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Sunday, 14 April 2019
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7. Eridanus Supervoid
First of all, stop your juvenile snickering. No, this isn’t slang for an epic bowel movement or anything of the sordid kind. The Eridanus Supervoid is believed to be a massive empty section located in the Eridanus Constellation just south of Orion. However, what makes this discovery so intriguing is that it’s not only the largest structure ever observed in the Universe, but it’s missing about 10,000 galaxies — or around 20 percent less matter than other regions. As a result, the oddity could possibly contain an “alternative reality” within this ominous patch of sky.
In 2004, cosmologists at University of Hawaii observed a span stretching 1.8 billion light-years across and located about 3 billion light-years away (1 light year = 5.88 trillion miles). They identified a large Cold Spot on the Cosmic Microwave Background (CMB), a map of the radiation left over from the Big Bang, providing a critical tool to study the origin and development of the Universe at cosmic timescales.
The startling revelation presented a perplexing conundrum: the enormity of the cold spot doesn’t align with our current understanding of how the Universe evolved. While it’s not uncommon to find a few small warm and cold patches on the CMB, cold patches of this magnitude are a head-scratching anomaly. According to one report, it’s “too big to exist.”
3. Rouge Planets
Depending on what decade you were raised in, our solar system has anywhere between eight and nine planets. But that’s only counting the planets that play by the rules. Rouge planets are the bad boys of outer space, and they simply do not give a damn about you or your precious “orbit.”
Rouge planets are bodies that no longer orbit something else and simply move through the galaxy until something stops it or it stops something or both. The leading theory on their origins suggests they were booted from their original orbits, presumably for being too extreme. Though it doesn’t fit the whole “extreme” angle, imagine it as a game of croquet in space.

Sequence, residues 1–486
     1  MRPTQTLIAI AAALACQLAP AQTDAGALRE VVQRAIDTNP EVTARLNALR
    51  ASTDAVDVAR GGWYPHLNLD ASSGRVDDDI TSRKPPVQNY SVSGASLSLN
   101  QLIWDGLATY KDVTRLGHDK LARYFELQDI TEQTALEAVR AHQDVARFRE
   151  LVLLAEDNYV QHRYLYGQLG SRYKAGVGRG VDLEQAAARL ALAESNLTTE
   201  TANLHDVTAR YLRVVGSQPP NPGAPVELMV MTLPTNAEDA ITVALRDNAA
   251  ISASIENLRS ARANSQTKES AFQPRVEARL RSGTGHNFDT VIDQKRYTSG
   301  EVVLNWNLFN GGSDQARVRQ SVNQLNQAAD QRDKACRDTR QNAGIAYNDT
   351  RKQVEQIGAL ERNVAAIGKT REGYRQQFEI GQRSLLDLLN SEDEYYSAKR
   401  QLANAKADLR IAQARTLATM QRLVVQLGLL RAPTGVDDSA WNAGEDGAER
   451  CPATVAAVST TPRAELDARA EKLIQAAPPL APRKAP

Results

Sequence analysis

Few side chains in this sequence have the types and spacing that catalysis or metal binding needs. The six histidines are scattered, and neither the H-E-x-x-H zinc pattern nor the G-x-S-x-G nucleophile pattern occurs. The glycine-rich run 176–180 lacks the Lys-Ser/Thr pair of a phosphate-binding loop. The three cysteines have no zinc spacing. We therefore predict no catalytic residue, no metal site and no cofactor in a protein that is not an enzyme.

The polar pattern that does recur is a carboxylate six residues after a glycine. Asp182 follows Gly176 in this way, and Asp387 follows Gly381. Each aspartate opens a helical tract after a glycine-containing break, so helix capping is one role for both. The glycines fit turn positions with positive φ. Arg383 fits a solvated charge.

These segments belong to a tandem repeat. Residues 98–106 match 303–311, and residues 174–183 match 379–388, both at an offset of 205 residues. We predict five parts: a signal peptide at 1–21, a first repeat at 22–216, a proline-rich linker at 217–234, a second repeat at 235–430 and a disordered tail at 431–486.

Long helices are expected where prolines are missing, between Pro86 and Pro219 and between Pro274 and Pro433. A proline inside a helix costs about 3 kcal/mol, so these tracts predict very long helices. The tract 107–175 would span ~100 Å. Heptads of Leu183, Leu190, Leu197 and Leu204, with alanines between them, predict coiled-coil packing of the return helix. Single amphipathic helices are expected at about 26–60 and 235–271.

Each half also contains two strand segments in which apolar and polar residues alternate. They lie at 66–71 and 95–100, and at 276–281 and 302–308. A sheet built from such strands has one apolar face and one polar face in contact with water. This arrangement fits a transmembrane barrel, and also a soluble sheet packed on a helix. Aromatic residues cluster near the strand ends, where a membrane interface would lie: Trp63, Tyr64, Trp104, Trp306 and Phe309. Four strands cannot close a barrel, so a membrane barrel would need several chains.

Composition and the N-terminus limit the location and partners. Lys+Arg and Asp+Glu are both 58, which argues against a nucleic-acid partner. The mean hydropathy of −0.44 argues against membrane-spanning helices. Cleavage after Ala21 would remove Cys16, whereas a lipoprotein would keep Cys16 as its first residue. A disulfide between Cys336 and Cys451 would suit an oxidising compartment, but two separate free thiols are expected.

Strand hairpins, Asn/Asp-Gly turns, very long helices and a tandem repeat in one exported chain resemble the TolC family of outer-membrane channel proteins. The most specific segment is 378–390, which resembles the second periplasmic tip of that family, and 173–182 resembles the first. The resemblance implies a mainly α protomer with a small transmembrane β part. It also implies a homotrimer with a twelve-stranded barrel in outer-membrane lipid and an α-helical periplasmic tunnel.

While frightening entirely on their own, a few things about rogue planets are straight-up terrifying. First, the number of them is estimated to be equal to twice as many stars in our galaxy. That’s… a lot. Second, the average size is comparable to that of Jupiter. Now imagine two-hundred billion Jupiters untamed by a strict orbit, rushing around in any direction at all. Either God has a twisted sense of humor or he just really, really likes pinball.
A rouge planet charging into a new system isn’t necessarily a violent event, but it could be just as disastrous. It’s currently believed that a rogue planet could push another object from orbit, sending it careening through space.
The Face on Mars
Though we have yet to find any aliens on Mars, NASA did discover this creepy human face on the Red Planet. The original “Face on Mars” image was taken by NASA’s Viking 1 orbiter, in grey scale, on July, 25 1976. NASA assures that the face is simply a peculiar pile of rocks — but that doesn’t make it any less spooky!
4. We’re really, really, really small…
Although mother earth appears to be a gigantic sphere of bottomless oceans and endless roads, we’re relatively puny compared to other planets. How small? In terms of relative scale, Jupiter is 2.5 times larger than all the rest of the planets in the Solar System combined. But if you really want to feel minuscule, look no further than our sun — that big fiery 10,000-degree inferno 93 million miles away.
The Sun’s diameter is 109 times bigger than the rock we call home and is so large that 1,300,000 planet Earths could fit inside of it. While the luminous ball appears to be the largest star in the sky, that’s only because it’s the closest. The #1 star in the universe is the gargantuan UY Scuti, a Red Supergiant with a radius around 1,700 times larger than our sun.
But don’t despair, Earthlings. At least now you know how a ladybug feels, clinging to a thin blade of grass.
Ghastly figures appear to be fighting to escape from this cloud of interstellar gas and dust called SH2-136. The illuminated dark nebula is about 1,200 light-years away, towards the constellation Cepheus.
Miranda the Monster Moon
Miranda is an icy moon of Uranus, the seventh planet from our Sun. If you look closely at Miranda, you’ll notice a mismatched appearance. Are those scars a sign that this moon was patched together like Frankenstein’s monster? Nope! Those patches are actually deep craters, high ridges, and extreme cliffs.
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Rest in Peace, Robots
Satellites that orbit Earth can keep working for a very long time. But where do they go when they reach the end of their lives? Well, if satellites are small enough and close enough, they dive into Earth’s atmosphere and burn up. If the spacecraft is too far away to head back toward Earth, the satellite is instead sent into a far out “graveyard orbit,” many thousands of miles away from Earth. Out there, the dead satellite won’t burn up, but it will at least stay out of the way of active, working satellites.